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Old 08-05-2003
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dameware is on a distinguished road

roller furling on the fore sail(s), and a fully battened main attached to a track system will allow for easy sail handling.

Another good idea is to run all sheets back to the cockpit.

You could spend years progressing up in boat size gaining more experience, or you could buy the right boat and hire professionals to help sail the thing and teach you what you specifically what you need to know.

With confidence and knowledge there''s no reason you can''t fullfill your sailing dreams on a 43'' sailboat although is sure is a lot easier when you have crew helping.
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Old 08-05-2003
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Sailormon6 will become famous soon enough

Size does matter. It''s easy enough for a singlehander in good health to sail a 43'' sailboat in pleasant weather, but changing and reefing big, heavy, stiff sails in rising winds and big seas is exhausting, especially after about the third day.
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Old 08-05-2003
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Here''s my suggestions:

Read the following:

1) Lin & Larry Pardey [anything they''ve written...but especially the books that recount their early voyages in Serafyn]

2) Alex Graham''s book Voyage of the Dove

3) Frank Guzzwell''s book about his voyage on Trekka

4) Tania Aebi''s voyage

Visit the following and read about their preparation and/or adventures:

I would seriously look at some of the following:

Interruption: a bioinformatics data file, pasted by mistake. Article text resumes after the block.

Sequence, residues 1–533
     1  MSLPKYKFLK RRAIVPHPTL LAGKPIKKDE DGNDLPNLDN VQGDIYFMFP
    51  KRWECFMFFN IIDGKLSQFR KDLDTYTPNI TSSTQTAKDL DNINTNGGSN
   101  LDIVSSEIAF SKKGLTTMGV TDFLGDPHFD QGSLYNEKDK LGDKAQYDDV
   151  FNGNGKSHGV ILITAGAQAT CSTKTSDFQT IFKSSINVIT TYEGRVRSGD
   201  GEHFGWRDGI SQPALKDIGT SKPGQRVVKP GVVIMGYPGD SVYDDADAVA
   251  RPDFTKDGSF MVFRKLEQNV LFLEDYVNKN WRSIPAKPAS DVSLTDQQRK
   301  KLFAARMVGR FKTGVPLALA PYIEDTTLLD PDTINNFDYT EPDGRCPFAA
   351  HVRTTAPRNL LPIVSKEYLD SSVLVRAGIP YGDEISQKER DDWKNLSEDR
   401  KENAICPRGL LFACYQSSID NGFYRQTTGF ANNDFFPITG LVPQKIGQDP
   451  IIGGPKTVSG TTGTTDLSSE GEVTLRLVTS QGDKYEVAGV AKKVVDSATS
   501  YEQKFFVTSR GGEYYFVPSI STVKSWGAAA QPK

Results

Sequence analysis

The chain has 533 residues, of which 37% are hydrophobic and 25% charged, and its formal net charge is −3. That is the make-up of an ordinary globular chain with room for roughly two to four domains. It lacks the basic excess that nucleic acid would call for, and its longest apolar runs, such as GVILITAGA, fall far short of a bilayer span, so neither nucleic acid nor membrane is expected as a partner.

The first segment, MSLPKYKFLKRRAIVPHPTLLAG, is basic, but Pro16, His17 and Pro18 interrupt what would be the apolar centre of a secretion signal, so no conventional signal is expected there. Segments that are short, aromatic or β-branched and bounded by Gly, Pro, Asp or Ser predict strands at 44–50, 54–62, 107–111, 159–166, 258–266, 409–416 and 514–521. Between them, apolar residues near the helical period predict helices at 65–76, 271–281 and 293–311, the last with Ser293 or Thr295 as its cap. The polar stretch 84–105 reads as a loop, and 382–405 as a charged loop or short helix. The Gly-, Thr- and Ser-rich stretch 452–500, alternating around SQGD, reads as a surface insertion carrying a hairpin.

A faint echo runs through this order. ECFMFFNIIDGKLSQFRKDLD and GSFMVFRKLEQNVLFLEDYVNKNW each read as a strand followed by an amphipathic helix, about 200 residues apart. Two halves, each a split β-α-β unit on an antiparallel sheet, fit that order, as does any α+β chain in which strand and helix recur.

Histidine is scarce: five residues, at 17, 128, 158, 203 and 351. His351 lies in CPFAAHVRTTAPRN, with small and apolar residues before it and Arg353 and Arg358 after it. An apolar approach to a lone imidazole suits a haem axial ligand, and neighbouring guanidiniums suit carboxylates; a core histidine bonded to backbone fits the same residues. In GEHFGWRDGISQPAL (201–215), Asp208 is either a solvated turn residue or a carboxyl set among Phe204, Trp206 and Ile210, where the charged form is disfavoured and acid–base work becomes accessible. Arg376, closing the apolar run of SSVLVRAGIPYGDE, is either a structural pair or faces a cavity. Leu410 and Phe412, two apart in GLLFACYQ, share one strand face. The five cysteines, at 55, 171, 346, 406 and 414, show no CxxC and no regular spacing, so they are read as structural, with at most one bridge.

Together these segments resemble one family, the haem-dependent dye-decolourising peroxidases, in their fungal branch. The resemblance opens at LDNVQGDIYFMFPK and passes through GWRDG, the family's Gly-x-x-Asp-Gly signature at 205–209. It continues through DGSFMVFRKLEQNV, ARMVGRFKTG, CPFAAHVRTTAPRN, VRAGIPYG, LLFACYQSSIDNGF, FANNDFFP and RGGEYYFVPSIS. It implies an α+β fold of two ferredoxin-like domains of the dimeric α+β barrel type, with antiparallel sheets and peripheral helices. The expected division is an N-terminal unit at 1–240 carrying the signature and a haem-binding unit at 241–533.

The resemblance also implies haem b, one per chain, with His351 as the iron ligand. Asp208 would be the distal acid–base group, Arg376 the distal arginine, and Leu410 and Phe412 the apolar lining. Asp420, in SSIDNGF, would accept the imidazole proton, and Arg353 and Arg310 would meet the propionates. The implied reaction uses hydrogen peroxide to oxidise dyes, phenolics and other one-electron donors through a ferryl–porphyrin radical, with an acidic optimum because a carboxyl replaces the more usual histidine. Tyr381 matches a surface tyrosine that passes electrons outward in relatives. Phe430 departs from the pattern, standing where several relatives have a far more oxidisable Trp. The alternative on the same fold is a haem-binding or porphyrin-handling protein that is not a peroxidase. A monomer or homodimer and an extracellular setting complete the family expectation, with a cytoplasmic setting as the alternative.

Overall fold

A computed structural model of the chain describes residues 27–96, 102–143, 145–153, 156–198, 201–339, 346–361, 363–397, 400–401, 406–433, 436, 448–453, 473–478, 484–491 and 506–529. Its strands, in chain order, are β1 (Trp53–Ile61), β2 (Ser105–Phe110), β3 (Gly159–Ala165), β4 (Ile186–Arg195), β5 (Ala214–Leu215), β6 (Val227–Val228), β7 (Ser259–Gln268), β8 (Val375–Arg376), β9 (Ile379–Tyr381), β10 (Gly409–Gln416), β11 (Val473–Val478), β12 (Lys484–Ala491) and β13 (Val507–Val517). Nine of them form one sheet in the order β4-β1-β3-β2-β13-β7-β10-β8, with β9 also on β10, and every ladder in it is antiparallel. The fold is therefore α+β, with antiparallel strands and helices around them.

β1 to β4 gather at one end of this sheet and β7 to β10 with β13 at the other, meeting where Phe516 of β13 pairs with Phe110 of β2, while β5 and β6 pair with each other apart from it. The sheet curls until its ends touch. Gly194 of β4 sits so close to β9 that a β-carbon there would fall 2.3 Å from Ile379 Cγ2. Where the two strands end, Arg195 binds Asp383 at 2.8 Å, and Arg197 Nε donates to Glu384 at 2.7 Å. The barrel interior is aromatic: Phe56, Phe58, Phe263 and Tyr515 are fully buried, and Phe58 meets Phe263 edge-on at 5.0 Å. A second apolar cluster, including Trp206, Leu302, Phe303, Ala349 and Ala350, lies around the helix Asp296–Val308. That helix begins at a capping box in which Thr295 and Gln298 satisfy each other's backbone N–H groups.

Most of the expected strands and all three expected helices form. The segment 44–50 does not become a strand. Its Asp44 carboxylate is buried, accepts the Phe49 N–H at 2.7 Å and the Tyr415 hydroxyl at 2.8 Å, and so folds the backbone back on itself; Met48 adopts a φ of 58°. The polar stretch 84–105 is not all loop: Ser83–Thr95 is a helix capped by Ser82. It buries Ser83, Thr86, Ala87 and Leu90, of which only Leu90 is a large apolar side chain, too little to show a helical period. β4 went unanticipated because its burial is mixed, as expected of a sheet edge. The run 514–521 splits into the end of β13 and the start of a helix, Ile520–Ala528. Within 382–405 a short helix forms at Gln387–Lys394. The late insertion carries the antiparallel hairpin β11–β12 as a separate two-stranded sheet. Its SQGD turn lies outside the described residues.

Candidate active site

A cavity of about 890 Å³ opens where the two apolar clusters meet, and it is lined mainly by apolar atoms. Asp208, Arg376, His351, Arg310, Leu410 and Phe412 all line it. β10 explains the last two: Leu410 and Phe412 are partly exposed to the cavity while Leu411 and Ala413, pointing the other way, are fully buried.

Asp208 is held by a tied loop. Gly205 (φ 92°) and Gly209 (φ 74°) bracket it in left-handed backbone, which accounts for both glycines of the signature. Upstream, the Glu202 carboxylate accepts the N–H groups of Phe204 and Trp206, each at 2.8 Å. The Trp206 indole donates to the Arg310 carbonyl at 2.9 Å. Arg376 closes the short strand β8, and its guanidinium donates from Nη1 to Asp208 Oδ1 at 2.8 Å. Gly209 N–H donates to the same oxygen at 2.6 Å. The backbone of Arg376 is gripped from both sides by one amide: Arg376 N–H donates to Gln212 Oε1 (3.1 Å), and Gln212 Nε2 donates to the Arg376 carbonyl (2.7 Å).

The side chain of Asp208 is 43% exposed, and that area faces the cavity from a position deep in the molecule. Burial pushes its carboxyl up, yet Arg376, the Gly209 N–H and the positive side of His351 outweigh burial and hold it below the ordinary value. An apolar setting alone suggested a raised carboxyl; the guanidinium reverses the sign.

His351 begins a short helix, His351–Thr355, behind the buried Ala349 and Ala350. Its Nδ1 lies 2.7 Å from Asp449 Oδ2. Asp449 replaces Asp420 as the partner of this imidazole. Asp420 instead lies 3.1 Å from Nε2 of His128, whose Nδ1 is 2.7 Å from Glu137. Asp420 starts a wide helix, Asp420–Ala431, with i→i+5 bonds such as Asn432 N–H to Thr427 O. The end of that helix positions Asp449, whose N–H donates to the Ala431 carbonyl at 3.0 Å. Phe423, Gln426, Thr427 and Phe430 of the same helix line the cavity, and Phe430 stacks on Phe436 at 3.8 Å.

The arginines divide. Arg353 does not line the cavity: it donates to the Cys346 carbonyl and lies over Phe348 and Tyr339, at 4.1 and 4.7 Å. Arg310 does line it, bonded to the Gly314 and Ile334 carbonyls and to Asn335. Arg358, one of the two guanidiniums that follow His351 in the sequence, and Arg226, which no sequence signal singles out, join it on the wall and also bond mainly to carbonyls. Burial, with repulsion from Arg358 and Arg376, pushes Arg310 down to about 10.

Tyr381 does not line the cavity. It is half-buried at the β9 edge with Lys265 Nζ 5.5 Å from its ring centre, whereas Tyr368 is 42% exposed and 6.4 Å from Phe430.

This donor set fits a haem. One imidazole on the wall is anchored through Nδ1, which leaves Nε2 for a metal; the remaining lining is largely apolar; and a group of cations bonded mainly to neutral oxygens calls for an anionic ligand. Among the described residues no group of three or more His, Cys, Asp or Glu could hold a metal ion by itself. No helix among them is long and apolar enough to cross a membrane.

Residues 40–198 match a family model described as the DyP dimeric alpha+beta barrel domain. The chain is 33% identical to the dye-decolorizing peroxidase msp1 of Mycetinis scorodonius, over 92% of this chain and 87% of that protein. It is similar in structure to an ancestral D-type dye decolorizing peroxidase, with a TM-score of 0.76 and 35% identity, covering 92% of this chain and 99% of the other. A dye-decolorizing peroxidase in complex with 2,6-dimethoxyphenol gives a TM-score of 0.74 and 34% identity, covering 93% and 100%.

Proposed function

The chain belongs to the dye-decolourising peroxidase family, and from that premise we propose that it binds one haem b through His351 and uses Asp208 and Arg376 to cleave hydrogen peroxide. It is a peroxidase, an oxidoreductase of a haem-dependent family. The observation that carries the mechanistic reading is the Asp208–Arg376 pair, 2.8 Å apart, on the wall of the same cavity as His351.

27'' NorSea
32'' Westsail
37'' Pacific Seacraft
24'' Flicka
32'' Tartan
32'' Southern Cross

Frank Gurnsey did a remarkable voyage around Cape Horn in a 24 (or 26?) ft. sloop - after some serious modifications. His voyage is recounted in "Race the Ice to the Cape"
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Old 08-15-2003
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thefantasea is on a distinguished road

Rather than decide the length of the boat first, I would initially determine the safety features, comforts, and necessities that should be aboard. I would then make it a point to see every boat that I could so that I would know which boat contained what. If I found a boat that contained all of the safety features, comforts, and necessities I required, I would then know the length of the boat I would need. It would not surprise me if the boat turned out to be considerably less than 43 feet.

Many responses refer to age/health/strength issues. These are real concerns and must be addressed. Fortunately, advances in rigging and sail handling make it possible for a single hander to manage a large spread of sail. Take the opportunity to investigate what''s available.

Self tailing winches are a must. So is an extra winch handle that is the longest you can find. As an example, a 10" handle provides 25% more leverage than an 8" handle.

You specify a sloop. In any length, a sloop requires larger sails and offers less flexibility than a cutter or ketch. Smaller sails and more combinations can make single handing less taxing and considerably more comfortable.